Government implements more pointless bureaucracy

Building and Housing Minister Nick Smith says most pool drownings occur because gates no longer close, fences have not been maintained or changes have been made that allow access.

“Half of inspected pools have been found to be non-compliant, exposing children to risk,” he said after parliament passed his bill on Thursday.

Included in the raft of changes to the laws around pools is a requirement on retailers and manufacturers to inform purchasers of their legal child safety obligations.

Councils have been given new powers to issue infringement notices.

Spa pools no longer have to be fenced because they’re considered to be low risk.

But they must have a lockable, child-resistant cover and must be at least 760mm above ground.

The new laws come into force on January 1 next year.

So what is the actual size of the problem? ?


The most recent full annual report at Drownbase is from 2014. ?There we see that home pool drownings number about 3 a year. ? And public pool drowings are 2 a year.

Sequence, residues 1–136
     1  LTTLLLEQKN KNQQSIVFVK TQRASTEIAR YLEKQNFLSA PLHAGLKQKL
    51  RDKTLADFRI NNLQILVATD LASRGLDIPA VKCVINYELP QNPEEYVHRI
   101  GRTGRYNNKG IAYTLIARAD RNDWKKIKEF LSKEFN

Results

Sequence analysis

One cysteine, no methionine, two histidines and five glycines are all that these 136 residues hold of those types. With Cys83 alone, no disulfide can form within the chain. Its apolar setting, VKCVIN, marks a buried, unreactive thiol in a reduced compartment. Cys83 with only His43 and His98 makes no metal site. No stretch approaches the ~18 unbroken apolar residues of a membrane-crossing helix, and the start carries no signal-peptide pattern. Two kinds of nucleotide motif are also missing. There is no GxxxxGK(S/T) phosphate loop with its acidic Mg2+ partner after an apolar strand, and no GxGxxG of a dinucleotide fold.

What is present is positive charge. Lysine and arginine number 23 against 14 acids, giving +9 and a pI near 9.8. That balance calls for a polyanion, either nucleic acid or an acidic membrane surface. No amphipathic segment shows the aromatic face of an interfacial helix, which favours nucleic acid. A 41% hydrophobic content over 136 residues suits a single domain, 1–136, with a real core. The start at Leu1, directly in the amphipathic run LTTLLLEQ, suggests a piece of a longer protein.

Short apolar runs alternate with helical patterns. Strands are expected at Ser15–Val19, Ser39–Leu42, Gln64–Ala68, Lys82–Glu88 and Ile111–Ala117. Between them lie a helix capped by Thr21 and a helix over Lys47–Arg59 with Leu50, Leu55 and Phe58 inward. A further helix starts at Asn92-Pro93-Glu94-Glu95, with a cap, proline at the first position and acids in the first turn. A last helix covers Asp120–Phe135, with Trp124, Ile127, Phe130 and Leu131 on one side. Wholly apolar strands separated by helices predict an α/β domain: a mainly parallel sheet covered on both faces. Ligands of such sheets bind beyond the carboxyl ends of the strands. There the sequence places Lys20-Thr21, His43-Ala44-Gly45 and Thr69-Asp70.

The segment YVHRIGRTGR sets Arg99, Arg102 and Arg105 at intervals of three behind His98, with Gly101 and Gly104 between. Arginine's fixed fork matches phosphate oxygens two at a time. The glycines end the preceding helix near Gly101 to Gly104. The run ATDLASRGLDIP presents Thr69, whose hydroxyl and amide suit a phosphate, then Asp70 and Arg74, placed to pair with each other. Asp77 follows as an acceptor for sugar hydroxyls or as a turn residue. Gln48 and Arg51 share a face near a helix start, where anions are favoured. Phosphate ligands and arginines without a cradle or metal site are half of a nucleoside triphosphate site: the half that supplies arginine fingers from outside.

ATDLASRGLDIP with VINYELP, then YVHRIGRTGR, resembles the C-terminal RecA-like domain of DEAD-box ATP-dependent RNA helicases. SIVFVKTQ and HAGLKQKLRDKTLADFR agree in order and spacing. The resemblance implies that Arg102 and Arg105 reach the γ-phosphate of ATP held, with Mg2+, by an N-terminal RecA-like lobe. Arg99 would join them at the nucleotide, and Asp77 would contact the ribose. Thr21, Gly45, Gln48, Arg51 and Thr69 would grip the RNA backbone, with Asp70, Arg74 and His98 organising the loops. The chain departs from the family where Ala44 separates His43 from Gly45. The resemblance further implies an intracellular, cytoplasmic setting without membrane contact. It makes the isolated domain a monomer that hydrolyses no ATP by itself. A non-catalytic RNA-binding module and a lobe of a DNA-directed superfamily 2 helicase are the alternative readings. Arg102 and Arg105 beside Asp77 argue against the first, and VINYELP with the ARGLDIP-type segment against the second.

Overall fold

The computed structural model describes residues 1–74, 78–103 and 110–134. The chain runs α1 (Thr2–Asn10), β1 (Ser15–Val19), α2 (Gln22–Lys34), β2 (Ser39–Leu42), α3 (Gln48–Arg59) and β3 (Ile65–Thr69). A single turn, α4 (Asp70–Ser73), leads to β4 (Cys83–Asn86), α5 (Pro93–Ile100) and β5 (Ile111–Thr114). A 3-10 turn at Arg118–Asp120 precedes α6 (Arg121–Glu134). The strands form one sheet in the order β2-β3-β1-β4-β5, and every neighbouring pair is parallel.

Public pools are actively monitored by trained staff, and they have 2 drownings a year. ?Non-monitored home pools have 3. ?Using the public pool data as a baseline for any kind of pool drowning means that there is only one drowning a year in home pools that can specifically be attributed to being a “home” pool.

Is this really something that needs a new law? ?Does this need every council to have a “pool inspector”? ?Does this need a database, management system and administrative overheads?

I despair when governments start making more and more restrictive legislation that targets such a small part of our collective problems.

More people in New Zealand die as a result of quad bike accidents.

Another reason for Key to give Nick Smith the hard word.

When the solution is actually worse than the problem, it’s time for a reality check.


– NZN, Yahoo! News